Sunday, May 17, 2009

Visualizing Data as it Relates to Location

Having just finished Maps of the Imagination: The Writer as Cartographer, I have been thinking of maps quite a bit today. According to author, Peter Turchi, mapping is about sense-making, and about visualization among other things. While searching out some educational use of map making, I came across this site which contains several ways to use Google mapping tools to help students visualize data as it relates to location:

Google Maps for Learning

More about mapping later...

Monday, May 11, 2009

Second Life Expands/Creates International Learning Opportunities

Opportunities for institutions to expand or even create international learning exchanges is well illustrated by this Second Life Workshop that U Oregon is offering with one of the Chinese universities:

Friday, May 8, 2009

Who is Publishing Your Work?

Some presses are becoming more aggressive about the rights of authors contributing to press-owned publications. These practices pertain to contributors/anthology editions more so than to editorial contracts--one press I have contributed to in the past requires that I rescind all rights to what I've written, with no royalties. I can then apply to use the content for specific reasons ("fair use") permissions (if I am aware that this is possible and ask for the form).

Other writers share that though they give up rights to the publisher, they simultaneously have the rights to use the content in workshops or courses. This is a more reasonable practice, but the rights are still signed over to the publisher.

In some international cases, my understanding is that there are presses where the authors do retain the copyright.

However, in the first cases mentioned here, writers contribute for academic reasons/motivations/pressures, and the presses are capitalizing on the academic need. With that in mind, I am re-considering where I contribute.

Looking at Athabasca Press gave me hope Athabasca Open Press.

Your experience and thoughts?

Thursday, May 7, 2009

Educational Professional Development: Constant Learning, Community, Process

Education expert Will Richardson's recent post provides a current, continuous learning model for education professionals as well as everyone else.

It is continual, but how do you work that into the already packed day? It is communal--how do you get beyond physical space? It is process not web tools alone, though, and I would say that tools do become a way of thinking.

Online communities allow professionals to benefit, learn, and have company as they build expertise in small, continuous increments.

Nicely said. The strategies expand our possibilities for development. The practices will explains expand our definition and thinking about professional development, not only about expanding our practice through technology, but how we address challenges when we plan face-to-face events too.

Tuesday, May 5, 2009

MIT Student Designs

Have been thinking about this item since viewing it a few days ago for a couple reasons--mobility and the capacity to learn from everything around us. Could also push learning toward an increased considerations of connections between a myriad of sources?

Sunday, May 3, 2009

Turchi's Book, Mapping, Imagination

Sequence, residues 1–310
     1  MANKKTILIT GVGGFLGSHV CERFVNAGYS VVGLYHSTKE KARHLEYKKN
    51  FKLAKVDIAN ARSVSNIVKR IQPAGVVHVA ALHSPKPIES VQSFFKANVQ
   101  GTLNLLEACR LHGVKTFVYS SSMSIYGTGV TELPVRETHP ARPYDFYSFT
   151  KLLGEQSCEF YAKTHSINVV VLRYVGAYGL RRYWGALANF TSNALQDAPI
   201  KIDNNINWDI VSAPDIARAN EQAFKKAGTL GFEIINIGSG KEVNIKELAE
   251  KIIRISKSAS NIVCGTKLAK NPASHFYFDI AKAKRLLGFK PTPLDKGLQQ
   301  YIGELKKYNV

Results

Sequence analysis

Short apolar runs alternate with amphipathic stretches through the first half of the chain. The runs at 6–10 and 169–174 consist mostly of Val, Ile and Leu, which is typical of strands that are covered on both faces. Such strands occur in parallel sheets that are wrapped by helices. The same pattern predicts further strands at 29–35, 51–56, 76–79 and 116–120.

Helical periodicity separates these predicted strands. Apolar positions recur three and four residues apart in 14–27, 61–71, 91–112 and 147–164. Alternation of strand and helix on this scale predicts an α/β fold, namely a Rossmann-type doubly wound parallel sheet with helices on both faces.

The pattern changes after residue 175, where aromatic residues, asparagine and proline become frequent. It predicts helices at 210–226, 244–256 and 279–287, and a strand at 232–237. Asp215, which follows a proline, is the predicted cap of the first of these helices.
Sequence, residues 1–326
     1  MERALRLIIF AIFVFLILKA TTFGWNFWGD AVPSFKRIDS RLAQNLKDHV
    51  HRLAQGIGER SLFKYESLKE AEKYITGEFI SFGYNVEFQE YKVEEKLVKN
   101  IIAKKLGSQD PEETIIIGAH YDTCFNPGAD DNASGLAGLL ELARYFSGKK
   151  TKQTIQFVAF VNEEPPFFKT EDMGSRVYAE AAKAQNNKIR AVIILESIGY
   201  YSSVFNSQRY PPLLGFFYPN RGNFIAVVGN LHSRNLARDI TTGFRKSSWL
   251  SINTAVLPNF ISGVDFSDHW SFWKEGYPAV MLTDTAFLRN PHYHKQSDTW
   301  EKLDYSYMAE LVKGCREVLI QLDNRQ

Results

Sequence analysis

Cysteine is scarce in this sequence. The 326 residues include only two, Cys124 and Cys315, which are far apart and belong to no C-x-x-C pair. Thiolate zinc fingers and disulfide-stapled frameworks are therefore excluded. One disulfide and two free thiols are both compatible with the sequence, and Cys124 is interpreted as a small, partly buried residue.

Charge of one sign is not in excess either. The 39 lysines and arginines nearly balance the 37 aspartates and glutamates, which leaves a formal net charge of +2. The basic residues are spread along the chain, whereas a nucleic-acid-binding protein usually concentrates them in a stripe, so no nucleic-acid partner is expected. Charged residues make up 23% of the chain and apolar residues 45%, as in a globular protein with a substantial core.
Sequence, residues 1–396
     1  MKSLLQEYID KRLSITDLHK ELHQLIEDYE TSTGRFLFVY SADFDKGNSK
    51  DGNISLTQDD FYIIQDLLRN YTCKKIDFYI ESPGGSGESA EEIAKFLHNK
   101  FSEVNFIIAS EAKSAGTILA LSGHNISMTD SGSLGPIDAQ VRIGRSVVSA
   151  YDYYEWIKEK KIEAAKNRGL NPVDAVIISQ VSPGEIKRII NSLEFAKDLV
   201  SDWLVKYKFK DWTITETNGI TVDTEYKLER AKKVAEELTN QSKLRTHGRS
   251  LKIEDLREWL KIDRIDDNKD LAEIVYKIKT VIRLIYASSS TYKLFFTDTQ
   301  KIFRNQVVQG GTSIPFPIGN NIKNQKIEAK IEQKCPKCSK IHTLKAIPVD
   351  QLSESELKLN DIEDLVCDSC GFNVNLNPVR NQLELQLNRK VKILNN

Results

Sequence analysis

I am currently reading Peter Turchi’s Maps of the Imagination: The Writer as Cartographer, a birthday gift from daughter Danee. It captures two of my keen interests, maps and literature. Memorables: he distinguishes metaphorical map-making (symbolic regions) from scientific (realistic/geographic) map-making; he calls our sense-making activity “Tornado of the Mind” as opposed to “State of Mind,” reminds us maps omit as well as include, remarks that the size and emphasis of location on personal maps differ with individuals.

Not last, “Maps, like fiction and poetry, enable us to ‘see” what is literally too large for our vision” (p. 151).

This book joins other mapping artifacts in my collection, and all of this ties into thinking about just how technology is catapulting various forms of sense-making/mapping:

Transformation Scaffolds: Graphic Organizer Templates that can help students move from lower levels of knowledge to higher considerations: Transformation Scaffolds

Flickr’s Memory Maps Pool:

My personal collection of maps from around the world, including some of my favorite bookstores and museums.

Wall maps to reinforce geographical references that come across in the media.

A book of maps about revolutions across the world.

Katherine Harmon’s You are Here: Personal Geographies and Other Maps of the Imagination.

And a book of essays in my workplace office called something like Geographies of the Imagination.

Potential List of Maps/web tours/mashups to make:
Work Map (What has been, is my work, where next?)
Maps of tech convergences related to teaching and learning engagement/demonstrations of learning
Life Map (Important Geographies or Periods and associated Personal Events )
Significant Conversation Maps (People, Content like learning and literature. the arts)
Subject Tour Maps for the Web and Second Life (kind of like brochures for walking tours..or is this just a list of links…)
Adventure Maps (ie Paris— Louise Borgoise sculpture of the hands ( as you depart from the Tuileries to walk up the Champs Elysees ( )

Last, thought for this morning…and then there is the fact Google is mapping us.

Friday, May 1, 2009

Friday Film Festival: Michael Wesch Dance

Saw M Wesch's tweet about how he was moved by a dance performance based on one of his media videos.